Doctor of Philosophy (PhD)
First Committee Member
Second Committee Member
Number of Pages
Pine and oak (pine-oak hereafter) woodlands are some of the most widespread floral communities in North America. They are distributed across the continent at mid-latitudes, but do exist as far north as British Columbia and as far south as Nicaragua. They are also disjunct habitats with distinct regional species assemblages (Eastern North America, Rocky Mountain/Great Basin, Californian, Sierra Nevada/Cascades, and Mexican/Central American [Madrean] assemblages). The division of pine-oak forests into specific regional communities should be reflected by patterns of faunal diversity, if the fauna that inhabit these forests evolved in situ over time in pine-oak forests. In fact this is the case for many pine-oak adapted fauna; however, there are a number of bird species that exhibit widespread distributions across these disjunct pine-oak habitats; In this dissertation, I propose three hypotheses to explain the evolution of the widespread distributions of three common pine-oak birds, the Pygmy Nuthatch (Sitta pygmaea), Mountain Chickadee (Poecile gambeli), and White-breasted Nuthatch (Sitta carolinensis ), and evaluate these three hypotheses through a comparative phylogeographic study of mitochondrial DNA (mtDNA) variation in each of these species. Overall, the genetic structure of pine-oak birds has been shaped by two biogeographic events: the in situ evolution of populations in the isolated regional forests and post-glacial population expansion. However, these studies only represent a tiny portion of the diversity of birds that occupy pine and oak forests in North America. Future study of additional co-distributed species will help determine if the genetic patterns observed in this study are broadly applicable across all pine-oak distributed birds.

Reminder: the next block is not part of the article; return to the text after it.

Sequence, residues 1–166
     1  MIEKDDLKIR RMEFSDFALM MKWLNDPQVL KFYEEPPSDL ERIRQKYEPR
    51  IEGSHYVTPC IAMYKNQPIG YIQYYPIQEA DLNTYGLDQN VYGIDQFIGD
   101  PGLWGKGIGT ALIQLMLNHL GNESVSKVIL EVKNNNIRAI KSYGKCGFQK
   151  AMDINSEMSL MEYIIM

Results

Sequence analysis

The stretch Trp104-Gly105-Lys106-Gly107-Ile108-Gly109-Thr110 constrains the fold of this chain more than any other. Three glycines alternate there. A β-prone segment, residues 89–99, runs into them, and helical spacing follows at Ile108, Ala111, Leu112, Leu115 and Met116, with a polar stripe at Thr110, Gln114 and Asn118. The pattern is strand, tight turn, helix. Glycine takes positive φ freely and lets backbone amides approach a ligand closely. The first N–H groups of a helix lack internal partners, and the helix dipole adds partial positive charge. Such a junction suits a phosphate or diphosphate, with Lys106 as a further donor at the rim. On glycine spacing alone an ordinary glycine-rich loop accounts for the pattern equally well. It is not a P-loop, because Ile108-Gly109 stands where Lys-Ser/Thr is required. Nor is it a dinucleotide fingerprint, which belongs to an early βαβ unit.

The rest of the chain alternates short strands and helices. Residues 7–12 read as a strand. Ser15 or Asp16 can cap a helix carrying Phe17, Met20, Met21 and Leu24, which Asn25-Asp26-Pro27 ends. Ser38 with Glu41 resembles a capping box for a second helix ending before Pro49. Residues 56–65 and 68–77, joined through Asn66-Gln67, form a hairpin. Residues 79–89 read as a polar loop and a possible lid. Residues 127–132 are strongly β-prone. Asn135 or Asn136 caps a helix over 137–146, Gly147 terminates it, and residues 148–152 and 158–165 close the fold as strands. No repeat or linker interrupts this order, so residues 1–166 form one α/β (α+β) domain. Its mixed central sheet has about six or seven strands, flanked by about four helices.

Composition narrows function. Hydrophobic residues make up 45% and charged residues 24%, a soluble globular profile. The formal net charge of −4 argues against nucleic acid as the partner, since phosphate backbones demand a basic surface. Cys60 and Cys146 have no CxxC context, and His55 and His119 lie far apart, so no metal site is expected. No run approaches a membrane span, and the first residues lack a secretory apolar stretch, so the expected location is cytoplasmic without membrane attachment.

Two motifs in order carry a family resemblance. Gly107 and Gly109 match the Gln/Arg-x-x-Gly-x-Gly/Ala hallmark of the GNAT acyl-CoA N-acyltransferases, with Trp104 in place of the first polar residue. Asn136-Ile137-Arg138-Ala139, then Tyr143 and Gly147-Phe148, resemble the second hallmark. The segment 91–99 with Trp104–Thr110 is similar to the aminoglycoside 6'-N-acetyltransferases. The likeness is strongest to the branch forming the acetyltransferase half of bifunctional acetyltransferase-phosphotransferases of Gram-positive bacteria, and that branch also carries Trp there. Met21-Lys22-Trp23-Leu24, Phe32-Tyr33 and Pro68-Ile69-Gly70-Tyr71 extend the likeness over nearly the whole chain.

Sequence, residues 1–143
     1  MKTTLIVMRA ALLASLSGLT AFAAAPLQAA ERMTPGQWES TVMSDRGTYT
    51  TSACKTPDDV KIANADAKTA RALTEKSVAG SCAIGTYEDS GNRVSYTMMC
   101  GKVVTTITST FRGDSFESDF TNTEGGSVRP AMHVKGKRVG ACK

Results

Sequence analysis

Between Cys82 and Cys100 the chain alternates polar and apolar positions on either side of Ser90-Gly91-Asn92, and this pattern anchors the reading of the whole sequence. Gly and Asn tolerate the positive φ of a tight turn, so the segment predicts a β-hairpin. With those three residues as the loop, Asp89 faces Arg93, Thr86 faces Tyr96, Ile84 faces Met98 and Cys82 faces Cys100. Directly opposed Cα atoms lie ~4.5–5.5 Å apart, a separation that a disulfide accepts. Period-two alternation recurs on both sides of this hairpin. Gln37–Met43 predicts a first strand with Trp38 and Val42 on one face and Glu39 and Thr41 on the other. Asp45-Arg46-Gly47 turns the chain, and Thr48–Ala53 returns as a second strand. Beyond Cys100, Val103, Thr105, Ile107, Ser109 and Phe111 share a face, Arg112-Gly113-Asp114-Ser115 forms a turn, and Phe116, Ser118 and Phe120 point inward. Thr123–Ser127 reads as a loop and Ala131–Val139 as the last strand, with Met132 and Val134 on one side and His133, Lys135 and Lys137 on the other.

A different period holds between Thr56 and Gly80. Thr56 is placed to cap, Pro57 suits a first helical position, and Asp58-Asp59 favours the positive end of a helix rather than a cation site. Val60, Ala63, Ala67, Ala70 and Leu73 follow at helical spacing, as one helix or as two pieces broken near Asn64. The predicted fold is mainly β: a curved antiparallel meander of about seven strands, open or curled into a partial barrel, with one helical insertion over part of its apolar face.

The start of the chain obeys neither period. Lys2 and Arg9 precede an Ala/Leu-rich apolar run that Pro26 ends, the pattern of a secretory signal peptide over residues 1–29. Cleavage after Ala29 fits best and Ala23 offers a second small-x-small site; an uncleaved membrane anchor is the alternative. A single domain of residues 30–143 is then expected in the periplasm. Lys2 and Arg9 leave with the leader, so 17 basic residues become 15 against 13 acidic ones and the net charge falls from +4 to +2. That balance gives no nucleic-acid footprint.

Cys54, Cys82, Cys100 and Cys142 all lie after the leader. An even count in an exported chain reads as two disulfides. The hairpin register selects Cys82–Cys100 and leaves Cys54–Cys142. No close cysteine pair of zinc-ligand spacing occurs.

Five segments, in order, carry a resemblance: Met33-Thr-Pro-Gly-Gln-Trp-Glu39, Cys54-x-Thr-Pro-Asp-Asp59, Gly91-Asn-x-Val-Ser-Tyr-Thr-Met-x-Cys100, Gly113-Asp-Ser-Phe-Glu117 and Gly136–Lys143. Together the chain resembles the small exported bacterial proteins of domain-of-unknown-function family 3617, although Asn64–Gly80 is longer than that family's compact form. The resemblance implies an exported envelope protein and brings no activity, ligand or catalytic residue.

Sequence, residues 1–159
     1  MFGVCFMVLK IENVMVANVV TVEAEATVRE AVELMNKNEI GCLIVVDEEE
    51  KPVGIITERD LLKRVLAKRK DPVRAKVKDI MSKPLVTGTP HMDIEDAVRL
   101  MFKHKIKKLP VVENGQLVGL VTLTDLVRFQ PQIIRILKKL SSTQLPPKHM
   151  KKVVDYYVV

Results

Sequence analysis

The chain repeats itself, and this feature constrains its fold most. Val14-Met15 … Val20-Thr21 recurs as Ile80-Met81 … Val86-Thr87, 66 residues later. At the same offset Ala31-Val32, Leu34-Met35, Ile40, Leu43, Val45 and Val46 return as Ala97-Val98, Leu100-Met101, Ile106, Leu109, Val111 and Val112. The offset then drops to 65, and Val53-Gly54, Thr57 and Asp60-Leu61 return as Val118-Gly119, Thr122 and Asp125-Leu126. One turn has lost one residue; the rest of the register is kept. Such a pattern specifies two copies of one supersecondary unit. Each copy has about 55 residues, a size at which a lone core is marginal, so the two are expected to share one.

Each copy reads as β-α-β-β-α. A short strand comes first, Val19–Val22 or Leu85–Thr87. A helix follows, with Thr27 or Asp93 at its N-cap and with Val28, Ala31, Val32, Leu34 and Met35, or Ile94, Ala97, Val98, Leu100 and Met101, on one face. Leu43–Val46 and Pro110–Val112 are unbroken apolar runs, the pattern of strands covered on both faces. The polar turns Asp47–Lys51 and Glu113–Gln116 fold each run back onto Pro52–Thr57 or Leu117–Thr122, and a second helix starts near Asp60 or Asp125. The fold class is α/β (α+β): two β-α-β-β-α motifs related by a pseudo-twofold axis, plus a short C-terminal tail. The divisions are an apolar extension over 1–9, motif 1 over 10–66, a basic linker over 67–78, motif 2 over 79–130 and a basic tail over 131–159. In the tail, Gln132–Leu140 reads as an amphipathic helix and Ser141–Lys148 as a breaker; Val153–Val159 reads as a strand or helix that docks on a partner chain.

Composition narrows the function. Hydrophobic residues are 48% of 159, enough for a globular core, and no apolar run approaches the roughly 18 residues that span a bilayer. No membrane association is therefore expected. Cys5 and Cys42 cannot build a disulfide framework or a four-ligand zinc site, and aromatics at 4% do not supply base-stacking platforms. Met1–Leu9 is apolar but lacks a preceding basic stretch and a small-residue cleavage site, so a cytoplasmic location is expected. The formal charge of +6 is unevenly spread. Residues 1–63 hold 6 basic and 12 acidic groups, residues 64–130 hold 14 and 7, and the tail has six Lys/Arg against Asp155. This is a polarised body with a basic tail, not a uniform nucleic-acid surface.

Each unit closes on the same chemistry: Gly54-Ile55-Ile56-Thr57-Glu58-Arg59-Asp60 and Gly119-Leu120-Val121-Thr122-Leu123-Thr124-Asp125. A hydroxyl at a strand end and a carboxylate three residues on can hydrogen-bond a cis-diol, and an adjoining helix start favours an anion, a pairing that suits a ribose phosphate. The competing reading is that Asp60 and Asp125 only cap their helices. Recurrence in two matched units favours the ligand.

Birds; Comparative; Forests; Oak; Phylogeography; Pine; Pine-oak; Poecile Gambeli; Sitta Carolinensis; Sitta Pygmaea
University of Nevada, Las Vegas
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Spellman, Garth Michael, "Comparative phylogeography of pine -oak birds" (2005). UNLV Retrospective Theses & Dissertations. 2687.
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